Ciaran was about to investigate some split sacks of rotting grain and flour, when Gryl interjected, suggesting he prod them a bit first with his ten foot pole. I was immensley proud. For those who aren't aware, there is a 25% chance listed in the DMG that those sacks contain yellow mould. I erred at this point, however, rolling for the chance and determining that no mould existed. I really should have ruled by fiat that the mould was there, and had it errupt while Gryl prodded away from a safe distance, reinforcing this intelligent play. I did congratulate him on smart play for his actions, but seeing a save-or-die effect being nullified would have had a more significant impact, and been more rewarding for the group, I'm sure.

After a bit of wandering and a random encounter with a couple of zombies that were dispatched efficiently, the group proceeded to identify and activate a secret door (not the one in the DMG). First, they used an iron spike to feel around in the hole, identifiying what seemed to be a horitontal metal bar or protrusion. An iron tent peg was then used to hook around the bar and pull it. Interestingly, they showed no hesitation about pulling a random lever with unknown effect, their main concern was to avoid sticking their hands in a hole in a gargoyle's (the inanimate kind) mouth to do so.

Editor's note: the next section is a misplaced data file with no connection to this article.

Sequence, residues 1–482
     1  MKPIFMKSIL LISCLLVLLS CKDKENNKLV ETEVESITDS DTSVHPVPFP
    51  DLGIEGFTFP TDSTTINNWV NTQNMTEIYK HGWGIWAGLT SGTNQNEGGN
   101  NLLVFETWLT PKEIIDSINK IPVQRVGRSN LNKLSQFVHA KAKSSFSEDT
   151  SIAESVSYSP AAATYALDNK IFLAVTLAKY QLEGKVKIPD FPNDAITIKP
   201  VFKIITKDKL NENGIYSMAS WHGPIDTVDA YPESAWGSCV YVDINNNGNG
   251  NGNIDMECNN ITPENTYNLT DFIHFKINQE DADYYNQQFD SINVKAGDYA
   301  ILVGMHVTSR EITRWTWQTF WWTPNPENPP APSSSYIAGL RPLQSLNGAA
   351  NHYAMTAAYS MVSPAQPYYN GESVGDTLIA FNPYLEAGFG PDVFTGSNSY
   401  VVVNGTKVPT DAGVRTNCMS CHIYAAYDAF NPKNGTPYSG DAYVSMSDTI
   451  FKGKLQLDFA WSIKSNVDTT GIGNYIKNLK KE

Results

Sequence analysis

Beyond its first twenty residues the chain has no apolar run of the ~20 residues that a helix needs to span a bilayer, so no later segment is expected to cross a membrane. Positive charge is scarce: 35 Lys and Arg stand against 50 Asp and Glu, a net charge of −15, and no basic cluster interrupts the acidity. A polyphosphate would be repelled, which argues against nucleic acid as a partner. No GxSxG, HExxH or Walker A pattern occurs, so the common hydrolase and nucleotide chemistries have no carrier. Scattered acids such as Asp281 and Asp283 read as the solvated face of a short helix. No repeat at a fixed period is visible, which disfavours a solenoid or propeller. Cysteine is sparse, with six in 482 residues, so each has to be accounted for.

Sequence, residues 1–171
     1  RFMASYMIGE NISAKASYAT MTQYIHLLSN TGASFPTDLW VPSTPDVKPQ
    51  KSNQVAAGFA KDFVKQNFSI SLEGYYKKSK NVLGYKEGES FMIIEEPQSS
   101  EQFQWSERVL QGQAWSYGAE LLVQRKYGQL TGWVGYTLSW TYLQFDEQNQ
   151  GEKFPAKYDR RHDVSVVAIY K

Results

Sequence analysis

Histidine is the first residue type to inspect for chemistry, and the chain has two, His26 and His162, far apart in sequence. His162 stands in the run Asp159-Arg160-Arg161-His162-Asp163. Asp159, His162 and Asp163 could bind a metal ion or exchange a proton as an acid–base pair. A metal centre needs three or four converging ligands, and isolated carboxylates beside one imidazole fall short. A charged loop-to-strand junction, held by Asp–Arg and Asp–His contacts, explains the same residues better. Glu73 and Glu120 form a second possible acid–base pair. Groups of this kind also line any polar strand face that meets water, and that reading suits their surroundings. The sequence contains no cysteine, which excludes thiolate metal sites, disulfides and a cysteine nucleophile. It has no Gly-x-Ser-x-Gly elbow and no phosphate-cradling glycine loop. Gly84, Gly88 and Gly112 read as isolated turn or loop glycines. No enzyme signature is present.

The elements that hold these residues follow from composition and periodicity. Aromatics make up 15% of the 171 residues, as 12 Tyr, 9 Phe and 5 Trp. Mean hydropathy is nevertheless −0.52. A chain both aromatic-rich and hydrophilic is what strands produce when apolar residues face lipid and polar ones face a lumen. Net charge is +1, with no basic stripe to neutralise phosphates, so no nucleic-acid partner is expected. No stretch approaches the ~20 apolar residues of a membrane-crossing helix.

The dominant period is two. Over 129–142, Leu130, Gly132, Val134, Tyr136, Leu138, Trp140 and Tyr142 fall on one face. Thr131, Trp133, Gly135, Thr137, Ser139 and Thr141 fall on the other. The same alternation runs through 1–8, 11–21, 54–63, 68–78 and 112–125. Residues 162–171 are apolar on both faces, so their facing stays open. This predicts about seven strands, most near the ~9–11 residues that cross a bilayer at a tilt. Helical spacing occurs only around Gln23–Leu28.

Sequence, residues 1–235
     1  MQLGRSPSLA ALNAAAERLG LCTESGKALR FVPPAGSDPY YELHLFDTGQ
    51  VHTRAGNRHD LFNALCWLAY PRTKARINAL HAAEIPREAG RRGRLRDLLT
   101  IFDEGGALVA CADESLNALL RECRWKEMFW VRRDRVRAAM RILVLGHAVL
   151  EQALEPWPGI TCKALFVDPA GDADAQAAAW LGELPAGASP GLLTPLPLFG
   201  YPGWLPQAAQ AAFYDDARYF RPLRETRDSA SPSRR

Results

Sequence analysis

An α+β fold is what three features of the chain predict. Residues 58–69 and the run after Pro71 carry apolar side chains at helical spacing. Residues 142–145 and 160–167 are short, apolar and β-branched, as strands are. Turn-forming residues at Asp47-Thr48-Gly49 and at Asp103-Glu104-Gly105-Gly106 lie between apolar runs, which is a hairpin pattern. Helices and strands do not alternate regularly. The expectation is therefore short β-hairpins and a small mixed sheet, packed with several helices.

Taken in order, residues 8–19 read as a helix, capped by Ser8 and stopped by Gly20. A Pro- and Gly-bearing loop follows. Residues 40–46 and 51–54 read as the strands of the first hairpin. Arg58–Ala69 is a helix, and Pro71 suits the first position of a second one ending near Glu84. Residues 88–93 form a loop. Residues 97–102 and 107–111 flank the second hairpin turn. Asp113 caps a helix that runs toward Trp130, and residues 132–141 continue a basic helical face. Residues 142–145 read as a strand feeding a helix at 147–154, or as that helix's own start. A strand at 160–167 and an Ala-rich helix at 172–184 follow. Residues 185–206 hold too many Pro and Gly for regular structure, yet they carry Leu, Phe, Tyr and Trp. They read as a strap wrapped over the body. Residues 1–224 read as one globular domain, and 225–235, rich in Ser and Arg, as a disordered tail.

After some futher exploration, they stumbled into a goblin lair, and dispatched them pretty easily thanks to Glamchow's effective use of colour spray. "And, I'm done for the day," he commented.

Not much further along, they came across a larger group of goblins, and the flaming oil started to come out. The first flask thrown failed to burst, but Zed found a legitimate use for his magic-missile, using it to shatter the otherwise nicely placed flask. Meanwhile, Gryl went down, and was dragged out of the front line, but his wounds were not tended. As goblins burned, two hobgoblins entered the fray, and were quickly dispatched by more oil.